Minister Burton launches report on Community Engagement in Ireland's Developmental Welfare State

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Joan Burton, Minister for Social Protection, today (Friday 6th May, 2011) launched the report by the Irish Centre for Social Gerontology (ICSG) entitled 'Community Engagement in Ireland's Developmental Welfare State: A Study of the Life Cycle Approach'.

Speaking at the launch in the Royal Irish Academy in Dublin, Minister Burton said: "One of the reasons for undertaking this research was to capture the complexity of civil society engagement in social partnership in Ireland."

The Minister went on to say: "The inclusion of the community and voluntary pillar in the social partnership process in 2000 and its extension in 2003 were welcome and important developments in this regard. The report highlights some limitations with the social partnership process but I think that, overall, it provided us with a good model of how community and voluntary groups can play a central role in national policy development alongside employers and trades unions which might be considered the more traditional social partners."

Minister Burton pointed out that the Department of Social Protection regularly consults with key stakeholders including the community and voluntary pillar when developing policy, in instances such as the Review of Child Income Supports and the implementation of the National Pensions Framework.

The Minister referred to concerns about the sustainability of welfare states given increases in life expectancy and increasing dependency ratios. "It is certainly true that our welfare system, and our pension system in particular, is coming under enormous pressure, due to these demographic changes, and will do into the future. That is why reforming our pension system is a priority for me and for the Government and this is something we are working on at present. We want to build a fair system which provides people with an adequate income in their retirement but, in order to achieve that aim in the long term, the system must be sustainable", said Minister Burton.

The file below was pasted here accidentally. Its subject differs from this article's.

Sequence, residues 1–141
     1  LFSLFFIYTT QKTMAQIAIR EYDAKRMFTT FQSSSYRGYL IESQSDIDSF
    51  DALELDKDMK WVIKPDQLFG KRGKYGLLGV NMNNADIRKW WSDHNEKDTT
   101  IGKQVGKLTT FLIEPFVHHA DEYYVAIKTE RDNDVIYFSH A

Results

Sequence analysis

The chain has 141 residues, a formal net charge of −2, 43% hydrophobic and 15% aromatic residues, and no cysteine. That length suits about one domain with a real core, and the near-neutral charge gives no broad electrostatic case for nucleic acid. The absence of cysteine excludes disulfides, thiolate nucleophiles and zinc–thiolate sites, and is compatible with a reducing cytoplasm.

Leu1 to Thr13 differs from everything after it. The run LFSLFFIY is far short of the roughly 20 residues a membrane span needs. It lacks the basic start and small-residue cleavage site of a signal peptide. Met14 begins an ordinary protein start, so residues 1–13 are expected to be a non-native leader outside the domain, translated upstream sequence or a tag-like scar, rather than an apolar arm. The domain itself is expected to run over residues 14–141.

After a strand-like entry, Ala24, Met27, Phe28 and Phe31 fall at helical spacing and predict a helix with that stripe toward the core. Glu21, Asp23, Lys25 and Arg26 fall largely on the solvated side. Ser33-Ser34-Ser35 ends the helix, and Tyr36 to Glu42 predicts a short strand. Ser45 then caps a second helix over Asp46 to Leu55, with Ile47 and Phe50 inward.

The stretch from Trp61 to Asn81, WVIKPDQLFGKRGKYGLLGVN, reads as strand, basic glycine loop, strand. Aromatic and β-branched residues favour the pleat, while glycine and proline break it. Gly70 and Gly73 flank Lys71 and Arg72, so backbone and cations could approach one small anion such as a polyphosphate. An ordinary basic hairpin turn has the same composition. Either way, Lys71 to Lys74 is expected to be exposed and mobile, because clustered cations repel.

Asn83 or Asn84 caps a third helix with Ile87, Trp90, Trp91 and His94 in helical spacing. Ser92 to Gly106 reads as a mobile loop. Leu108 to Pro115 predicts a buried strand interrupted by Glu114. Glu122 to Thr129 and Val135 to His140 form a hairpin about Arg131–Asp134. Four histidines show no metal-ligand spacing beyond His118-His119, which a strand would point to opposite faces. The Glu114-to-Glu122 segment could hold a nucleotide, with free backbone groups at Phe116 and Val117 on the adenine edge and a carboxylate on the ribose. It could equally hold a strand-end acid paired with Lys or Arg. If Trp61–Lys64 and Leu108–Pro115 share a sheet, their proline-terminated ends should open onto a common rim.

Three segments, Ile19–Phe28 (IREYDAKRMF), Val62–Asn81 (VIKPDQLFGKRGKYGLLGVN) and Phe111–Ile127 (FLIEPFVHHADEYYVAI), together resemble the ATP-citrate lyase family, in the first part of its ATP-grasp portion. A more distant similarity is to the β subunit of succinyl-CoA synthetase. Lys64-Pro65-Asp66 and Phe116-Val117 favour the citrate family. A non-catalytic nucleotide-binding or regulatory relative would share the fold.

Minister Burton paid tribute to the authors of the report saying: "Dr. Gemma Carney, Dr. Tony Dundon, Áine Ní Leime and Camille Loftus are to be congratulated for their work on this project. In recent years there have been greater linkages between academia and policy makers and it is important that we continue to build these relationships as we can all learn from each other. This report is another example of the type of excellent research we have come to expect from the Irish Centre for Social Gerontology at NUI Galway and its authors certainly have given us a lot to think about."

Note for Editors:

The Irish Centre for Social Gerontology (ICSG) is a multidisciplinary research centre on ageing at NUI Galway established in 2006. ICSG focuses on research, education and training in the field of social gerontology in Ireland and internationally. ICSG was established jointly by the University and through a generous donation from Atlantic Philanthropies.

ICSG aims to develop and promote social and economic aspects of ageing in Ireland with a view to supporting a holistic and positive view of ageing, which emphasises participation and empowerment for older people at all levels of society. The first centre of its kind in Ireland, ICSG offers research expertise and practical support to public, private and voluntary agencies involved in the formulation and implementation of public policy for older people at international, national, regional and local levels.


Last modified:06/05/2011